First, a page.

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 Although Trevithick is now known as the “father of the steam locomotive”, his work on the

development of steam engines, stationary as well as locomotive, was unrecognized until long after his death in 1833


Richard TrevithickA FEW years ago - and a hundred years after his death - tardy recognition was made of the genius of a great engineering pioneer, Richard Trevithick, by the unveiling of a statue of him at Camborne, Cornwall. In one hand of the figurer is a model of what was really the first locomotive to be built, that is, the first steam engine which could haul a load along a built track. Before Trevithick such tentative machines as had been made were only steam-driven carriages for travel on roads.

Trevithick was born on April 13,1771, at Carn Brea, not far from Camborne, his father being manager of the Dolcoath Mine and other mines. He was the only boy of a family of five, and when he reached his schooldays he seems to have been anything but a model scholar. The letters of his manhood show that he had not mastered spelling, but he was good at arithmetic and so quick and observant in practical matters that he rapidly picked up mining methods. At the age of twenty-one his reputation for practical engineering was such that mineowners trusted him to report on the comparative merits of the different kinds of pumping engines in Cornwall.

At that time the efficient Boulton and Watt engine had a number of imitators, but the patent protecting it could not be upset. In 1795 the activities of Trevithick and of another engineer named Bull were checked by an injunction for infringement. This, however, merely turned Trevithick’s inventiveness into another channel and the next year or two saw his invention of a water-pressure pumping engine and the building of his first steam carriage. The steam carriage appeared in 1801.

The Boulton and Watt patent had now expired and Trevithick was free to develop his ideas. In 1802 he patented steam engines for stationary and for locomotive use, which had pressures as high as 145 lb, as against the normal Watt pressure of about 5 lb per square inch. This increase was a marked advance in steam engineering. It was, indeed, before its time, as later engineers reverted to lower pressures, primarily for the reason that boiler making was for long carried on in a primitive way. One of the difficulties in the way of making sound boilers was that of obtaining suitable plates. Another was that the correct principles of design were barely understood. Trevithick used cast iron at first but later developed a simple and safe type made of plates. This, under the name of the Cornish boiler, is still manufactured.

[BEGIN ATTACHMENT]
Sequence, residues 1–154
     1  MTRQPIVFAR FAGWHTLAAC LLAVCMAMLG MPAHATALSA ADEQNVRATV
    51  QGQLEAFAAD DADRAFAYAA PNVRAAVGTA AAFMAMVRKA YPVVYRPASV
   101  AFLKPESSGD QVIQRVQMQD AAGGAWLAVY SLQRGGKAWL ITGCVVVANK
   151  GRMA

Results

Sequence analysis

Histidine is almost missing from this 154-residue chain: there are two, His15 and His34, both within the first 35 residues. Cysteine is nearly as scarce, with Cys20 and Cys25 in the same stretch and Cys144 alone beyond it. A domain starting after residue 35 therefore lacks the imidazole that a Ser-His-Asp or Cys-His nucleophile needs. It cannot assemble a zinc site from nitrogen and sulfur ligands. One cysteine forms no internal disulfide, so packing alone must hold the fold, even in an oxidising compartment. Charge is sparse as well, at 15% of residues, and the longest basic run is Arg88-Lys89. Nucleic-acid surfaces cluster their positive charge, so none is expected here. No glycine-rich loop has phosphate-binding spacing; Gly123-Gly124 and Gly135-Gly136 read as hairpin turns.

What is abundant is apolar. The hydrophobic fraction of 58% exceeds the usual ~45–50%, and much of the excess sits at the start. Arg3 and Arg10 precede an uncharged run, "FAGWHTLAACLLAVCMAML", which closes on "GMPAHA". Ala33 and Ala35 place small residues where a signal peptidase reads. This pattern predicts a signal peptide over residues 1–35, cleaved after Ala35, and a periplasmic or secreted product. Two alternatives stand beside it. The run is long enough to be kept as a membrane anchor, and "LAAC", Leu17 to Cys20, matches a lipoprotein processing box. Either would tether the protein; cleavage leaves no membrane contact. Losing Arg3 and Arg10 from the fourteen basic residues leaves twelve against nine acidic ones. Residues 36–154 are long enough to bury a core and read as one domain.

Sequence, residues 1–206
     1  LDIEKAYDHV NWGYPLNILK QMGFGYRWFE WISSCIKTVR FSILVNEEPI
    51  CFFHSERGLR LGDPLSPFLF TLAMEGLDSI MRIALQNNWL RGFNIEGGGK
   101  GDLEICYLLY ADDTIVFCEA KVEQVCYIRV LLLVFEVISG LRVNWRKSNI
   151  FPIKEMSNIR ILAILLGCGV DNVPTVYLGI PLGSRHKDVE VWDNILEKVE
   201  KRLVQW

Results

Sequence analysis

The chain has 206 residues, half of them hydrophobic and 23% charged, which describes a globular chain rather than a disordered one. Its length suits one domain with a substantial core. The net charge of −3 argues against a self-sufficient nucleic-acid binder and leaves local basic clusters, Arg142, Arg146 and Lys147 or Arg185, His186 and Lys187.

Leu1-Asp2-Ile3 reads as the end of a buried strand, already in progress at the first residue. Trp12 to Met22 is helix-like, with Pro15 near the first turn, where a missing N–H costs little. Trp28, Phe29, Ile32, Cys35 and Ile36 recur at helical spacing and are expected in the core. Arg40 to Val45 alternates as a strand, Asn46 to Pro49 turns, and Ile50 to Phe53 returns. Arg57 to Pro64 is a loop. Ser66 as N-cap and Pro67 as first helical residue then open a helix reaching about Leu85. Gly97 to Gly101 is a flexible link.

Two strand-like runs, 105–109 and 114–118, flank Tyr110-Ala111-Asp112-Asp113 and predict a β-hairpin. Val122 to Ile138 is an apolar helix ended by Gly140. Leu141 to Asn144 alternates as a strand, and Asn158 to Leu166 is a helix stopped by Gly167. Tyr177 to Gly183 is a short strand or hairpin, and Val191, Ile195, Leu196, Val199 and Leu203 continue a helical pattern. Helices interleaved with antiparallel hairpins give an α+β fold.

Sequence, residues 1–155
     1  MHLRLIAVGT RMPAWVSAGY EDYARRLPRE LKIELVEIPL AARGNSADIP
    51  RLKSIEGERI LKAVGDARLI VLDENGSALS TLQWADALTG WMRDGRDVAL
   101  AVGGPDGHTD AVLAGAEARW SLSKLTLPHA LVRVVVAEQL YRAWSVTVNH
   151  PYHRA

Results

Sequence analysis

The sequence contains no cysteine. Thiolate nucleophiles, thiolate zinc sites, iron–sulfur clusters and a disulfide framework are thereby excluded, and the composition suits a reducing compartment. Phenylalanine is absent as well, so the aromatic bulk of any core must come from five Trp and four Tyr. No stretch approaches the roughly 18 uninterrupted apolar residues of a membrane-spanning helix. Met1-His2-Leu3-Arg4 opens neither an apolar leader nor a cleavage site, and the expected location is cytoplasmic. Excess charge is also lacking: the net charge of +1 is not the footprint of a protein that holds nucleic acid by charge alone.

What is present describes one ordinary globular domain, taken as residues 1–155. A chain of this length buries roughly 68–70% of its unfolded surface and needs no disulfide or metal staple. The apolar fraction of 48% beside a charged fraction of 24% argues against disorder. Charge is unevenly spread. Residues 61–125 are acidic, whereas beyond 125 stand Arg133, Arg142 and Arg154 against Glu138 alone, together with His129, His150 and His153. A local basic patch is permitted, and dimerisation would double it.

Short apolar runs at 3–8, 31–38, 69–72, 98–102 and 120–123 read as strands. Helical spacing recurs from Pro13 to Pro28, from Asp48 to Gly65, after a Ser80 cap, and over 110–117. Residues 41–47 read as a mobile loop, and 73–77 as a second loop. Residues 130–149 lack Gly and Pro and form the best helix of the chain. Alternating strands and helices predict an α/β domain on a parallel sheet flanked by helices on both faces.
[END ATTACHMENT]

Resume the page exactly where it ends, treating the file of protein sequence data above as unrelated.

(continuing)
The most decisive step was taken in 1804, when the first real locomotive was built. This was made for a colliery tramroad at Penydarran, near Merthyr Tydfil, South Wales. On one of its first trials it went at a speed of five miles an hour, hauling 10 tons of iron and seventy men in five wagons, a feat, far in excess of what could be done with the horse haulage it displaced. This engine was ultimately discarded, as the cast-iron rails on which the train ran had not been built for such a heavy load and kept breaking. Trevithick made a second locomotive for a Newcastle Colliery, and it was a poor copy of this that started the famous George Stephenson on his successful career of locomotive building. Trevithick’s final locomotive was exhibited on a circular track in London, but it attracted little attention. The inventor then devoted his time to improving the stationary steam engine.

The date of the London locomotive was 1808, and from then till 1810 Trevithick remained in that city, full of energy and ready to turn his hand to anything in the way of engineering. He fitted his engines to dredgers on the River Thames and was concerned with an attempt to drive a tunnel under the river between Rotherhithe and Limehouse (see The First Thames Tunnel). In this again he was before his day. The list of patents he took out while in London is striking. They covered machinery for towing ships and discharging cargo, iron tanks for cargo storage - a sound scheme, as the leaky wooden hulls of the time often ruined a cargo - iron floating docks, iron masts, iron ships and iron buoys.

To a more worldly-minded man than Trevithick fortune would have now come, but he seems to have been habitually indifferent in monetary affairs, and imprisonment for debt and a serious illness followed. Having returned to Cornwall, Trevithick remained there until 1816, still actively inventive and energetic. Notable inventions of this period were steam-driven agricultural machines and a screw propeller. Then, having superintended the building of high-pressure winding engines and pumping engines for a Peruvian mine, he set out with them - and with high hopes - for Lima. Eleven years of frustration and wandering followed, civil war having brought mining to an end.

Back in London, Trevithick became a consulting engineer, drawing up schemes for reclaiming part of the Zuider Zee, and investigating mechanical refrigeration, superheating and surface condensers - all to become the subjects of attention by others in later days. Plans for a tower 1,000 feet in height, in commemoration of the passing of the Reform Bill, anticipated Eiffel in

intention though not in performance. Trevithick’s last days were again clouded by poverty. He died at Dartford (Kent) in the year 1833 and lies there in some lonely unknown grave.

[From part 12, published 18 May 1937]

You can read more on “The First Thames Tunnel”, “Origin of the Locomotive” and the “Story of the Boiler” on this website.

You can read more on “The Story of the Locomotive” in Railway Wonders of the World

Richard Trevithick